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Radiation Up 33 Percent In Next Wave Of Mobiles
Courier Mail
April 08, 2002

A new range of mobile phones will have 33 per cent higher radiation levels.

Government radiation authorities are preparing to increase what is known as "specific absorption rates" to bring Australia into line with international standards.

Specific absorption rates measure the amount of radiation absorbed in our heads while we use a mobile phone.

Scientists measure our exposure to SAR by placing a mobile phone against the head of a plastic model filled with liquid designed to simulate the brain. Sensitive probes are inserted into the liquid to record the temperature.

Critics claim government bodies have bowed to industry pressure to allow a new breed of mobile phones with higher absorption rates of radiation to be imported.

The draft standards, which propose an increase in the level of radiation from 1.6 watts a kilogram to 2 w/kg, will go before the Radiation Health and Safety Advisory Committee this week.

Final approval will be sought from the Australian Radiation Protection and Nuclear Safety chief John Loy.

ARPNS spokesman Brendan Elliott yesterday rejected criticism the SAR rise would increase the level of radiation people absorbed.

"The consensus of scientific opinion is that there is no evidence to show that is the case," he said.

"The net result is that it brings us into line with most of Europe and the science behind them is more contemporary and well thought out."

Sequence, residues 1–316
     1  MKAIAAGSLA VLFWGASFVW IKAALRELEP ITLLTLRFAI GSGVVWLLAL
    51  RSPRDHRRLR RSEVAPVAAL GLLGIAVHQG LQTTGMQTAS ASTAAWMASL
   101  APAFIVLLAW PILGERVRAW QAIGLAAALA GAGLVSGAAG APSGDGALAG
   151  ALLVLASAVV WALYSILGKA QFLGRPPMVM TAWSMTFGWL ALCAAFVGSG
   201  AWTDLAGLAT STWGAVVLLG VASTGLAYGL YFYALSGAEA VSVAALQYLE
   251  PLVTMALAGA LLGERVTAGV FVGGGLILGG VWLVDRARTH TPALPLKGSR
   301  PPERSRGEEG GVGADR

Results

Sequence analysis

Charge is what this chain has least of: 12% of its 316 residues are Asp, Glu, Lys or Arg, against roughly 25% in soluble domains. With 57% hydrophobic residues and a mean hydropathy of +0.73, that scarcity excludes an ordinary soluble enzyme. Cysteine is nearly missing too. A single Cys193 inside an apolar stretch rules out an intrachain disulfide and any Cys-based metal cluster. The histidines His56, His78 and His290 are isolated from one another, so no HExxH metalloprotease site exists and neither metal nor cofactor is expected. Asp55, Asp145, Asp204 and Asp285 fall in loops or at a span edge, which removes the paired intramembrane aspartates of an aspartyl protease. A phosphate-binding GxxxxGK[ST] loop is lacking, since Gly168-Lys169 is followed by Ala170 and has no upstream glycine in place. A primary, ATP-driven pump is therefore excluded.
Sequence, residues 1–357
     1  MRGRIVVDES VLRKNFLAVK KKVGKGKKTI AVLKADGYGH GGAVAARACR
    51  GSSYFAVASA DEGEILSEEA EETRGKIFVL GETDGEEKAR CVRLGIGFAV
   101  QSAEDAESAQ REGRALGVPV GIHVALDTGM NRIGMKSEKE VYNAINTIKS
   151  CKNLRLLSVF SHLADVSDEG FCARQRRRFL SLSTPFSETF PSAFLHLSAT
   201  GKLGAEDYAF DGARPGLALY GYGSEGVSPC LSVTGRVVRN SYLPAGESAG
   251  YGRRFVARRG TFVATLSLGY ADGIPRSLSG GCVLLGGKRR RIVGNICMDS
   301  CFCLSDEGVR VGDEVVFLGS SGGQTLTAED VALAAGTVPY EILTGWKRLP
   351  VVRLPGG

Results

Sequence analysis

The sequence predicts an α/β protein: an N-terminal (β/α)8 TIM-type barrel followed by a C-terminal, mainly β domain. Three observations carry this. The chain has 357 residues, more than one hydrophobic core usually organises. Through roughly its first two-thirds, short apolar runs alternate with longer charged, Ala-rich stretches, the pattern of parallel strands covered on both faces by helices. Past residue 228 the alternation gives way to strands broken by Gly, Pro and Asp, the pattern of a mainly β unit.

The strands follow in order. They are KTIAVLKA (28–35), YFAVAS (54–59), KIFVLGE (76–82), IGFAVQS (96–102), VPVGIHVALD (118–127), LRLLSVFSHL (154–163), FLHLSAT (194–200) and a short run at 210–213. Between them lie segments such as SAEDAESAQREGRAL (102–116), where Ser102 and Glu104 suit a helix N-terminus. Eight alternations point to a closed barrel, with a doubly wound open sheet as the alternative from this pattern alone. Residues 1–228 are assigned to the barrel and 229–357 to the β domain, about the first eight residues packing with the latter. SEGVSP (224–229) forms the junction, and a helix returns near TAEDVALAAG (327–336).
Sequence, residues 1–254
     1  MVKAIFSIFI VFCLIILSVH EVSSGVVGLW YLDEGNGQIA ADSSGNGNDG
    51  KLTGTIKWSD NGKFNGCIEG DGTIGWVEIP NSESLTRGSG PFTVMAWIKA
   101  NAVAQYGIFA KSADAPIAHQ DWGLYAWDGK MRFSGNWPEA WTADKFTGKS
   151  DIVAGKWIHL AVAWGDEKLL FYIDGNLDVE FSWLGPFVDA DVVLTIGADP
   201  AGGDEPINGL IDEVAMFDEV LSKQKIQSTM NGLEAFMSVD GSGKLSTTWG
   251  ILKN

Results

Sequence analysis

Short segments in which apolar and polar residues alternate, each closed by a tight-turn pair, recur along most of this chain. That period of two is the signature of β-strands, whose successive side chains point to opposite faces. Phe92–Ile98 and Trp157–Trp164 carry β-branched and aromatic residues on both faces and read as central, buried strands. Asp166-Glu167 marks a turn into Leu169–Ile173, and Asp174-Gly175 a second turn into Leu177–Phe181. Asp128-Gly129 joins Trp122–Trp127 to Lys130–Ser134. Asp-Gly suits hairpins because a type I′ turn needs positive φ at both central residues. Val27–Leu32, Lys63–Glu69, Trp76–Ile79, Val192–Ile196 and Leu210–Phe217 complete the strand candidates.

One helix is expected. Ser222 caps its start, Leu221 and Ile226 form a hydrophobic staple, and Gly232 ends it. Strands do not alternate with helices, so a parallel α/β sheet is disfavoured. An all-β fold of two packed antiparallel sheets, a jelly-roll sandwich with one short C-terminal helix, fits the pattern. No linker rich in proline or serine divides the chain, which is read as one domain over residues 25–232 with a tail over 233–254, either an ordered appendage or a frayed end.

But Electromagnetic Radiation Association executive officer Lyn McLean said the new standard would protect people only from having their brain "heated" by radiation. "It does not protect from any other effects of radiation whatsoever," Ms McLean said.

She denied the weight of scientific evidence suggested protecting people only from "heating" would protect them from radiation exposure.

"I am not a plastic thing filled with jelly so the SAR is at best an approximation of what is happening in the body," she said.

Australian Mobile Telecommunications Association chief executive Ross Monaghan said the SAR level was available on most phone models but only revealed the maximum exposure a person could have using that handset.

Mr Monaghan said the level of SAR would decrease the closer a user was to a mobile's base station.

"All of the phones out now are well and truly below the current standard," he said.

"Our No. 1 priority is the safety of our customers."

Mr Monaghan said the new standard would mean Australian consumers did not miss out on the latest technology which was available overseas.

"It won't mean that phones will be radically different if the new standard is adopted," he said.

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